Later that day, as my new radar developmental and I shuffled off toward the TRACON, I wondered how my logic had failed, whether I could actually do this and why my mouth was so dry. Surprisingly, that day was the beginning of what would develop into a career-long interest in training. But there were obstacles.

At first; I felt like a paint-by-numbers artist trying to teach that "deaf-dumb-blind kid" how to draw like Leonardo da Vinci. I had my own lessons to learn ~ largely at the expense of those I was assigned to train. One of the most important lessons and probably the most difficult for me to master was to never preempt a good learning experience. Trainees needed to be given enough latitude to get themselves into a degree of difficulty that was commensurate with their time on the position. Low time trainees could become overwhelmed much sooner than ones who had several hours on the position but, regardless of where they were in their allotted hours, I had to let them make mistakes. As long as I could still see a way out ~ there was a chance they'd find it too. This required a lot of poise, patience and self confidence but I was short on all three. If I stepped in too soon (highly likely at my stage of development) I'd preclude an important learning experience. Step in too late and I'd end up listening to tapes and filling out paperwork.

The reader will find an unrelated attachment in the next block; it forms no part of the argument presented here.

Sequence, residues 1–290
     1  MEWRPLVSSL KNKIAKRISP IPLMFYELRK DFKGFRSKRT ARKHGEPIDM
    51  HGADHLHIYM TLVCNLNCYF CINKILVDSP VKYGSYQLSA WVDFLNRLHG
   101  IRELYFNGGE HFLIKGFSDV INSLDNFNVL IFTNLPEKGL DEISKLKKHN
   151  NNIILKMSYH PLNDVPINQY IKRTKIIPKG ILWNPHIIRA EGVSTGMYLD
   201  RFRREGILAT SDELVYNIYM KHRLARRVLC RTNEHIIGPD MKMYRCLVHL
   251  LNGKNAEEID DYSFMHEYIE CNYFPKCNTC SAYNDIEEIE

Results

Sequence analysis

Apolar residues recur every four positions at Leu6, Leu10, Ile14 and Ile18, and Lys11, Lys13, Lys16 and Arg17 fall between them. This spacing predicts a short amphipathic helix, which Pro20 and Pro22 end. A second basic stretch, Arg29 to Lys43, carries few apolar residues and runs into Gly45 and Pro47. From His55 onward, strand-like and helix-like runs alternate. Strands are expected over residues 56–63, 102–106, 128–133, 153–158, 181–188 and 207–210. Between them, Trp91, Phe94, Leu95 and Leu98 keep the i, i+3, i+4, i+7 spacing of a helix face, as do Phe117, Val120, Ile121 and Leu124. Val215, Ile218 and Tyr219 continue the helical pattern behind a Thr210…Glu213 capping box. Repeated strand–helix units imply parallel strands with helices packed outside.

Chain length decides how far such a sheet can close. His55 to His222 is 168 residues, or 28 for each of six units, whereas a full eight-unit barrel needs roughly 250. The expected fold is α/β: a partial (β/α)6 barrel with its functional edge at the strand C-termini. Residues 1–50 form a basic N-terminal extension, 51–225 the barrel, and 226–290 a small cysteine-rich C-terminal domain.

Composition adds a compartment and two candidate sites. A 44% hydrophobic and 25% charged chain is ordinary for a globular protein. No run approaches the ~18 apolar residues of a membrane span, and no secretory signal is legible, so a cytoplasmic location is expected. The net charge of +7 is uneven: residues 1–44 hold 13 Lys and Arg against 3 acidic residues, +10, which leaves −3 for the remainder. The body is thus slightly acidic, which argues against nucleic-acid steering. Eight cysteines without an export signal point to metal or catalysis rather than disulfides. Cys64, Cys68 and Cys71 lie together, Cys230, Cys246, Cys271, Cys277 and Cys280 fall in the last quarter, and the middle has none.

I learned that making this work meant having to advise trainees ahead of time whenever I was going to let them dig holes for themselves. If I didn't at least do that, they'd usually assume, based on experience with a few other instructors, that I would likely step in and straighten things out for them.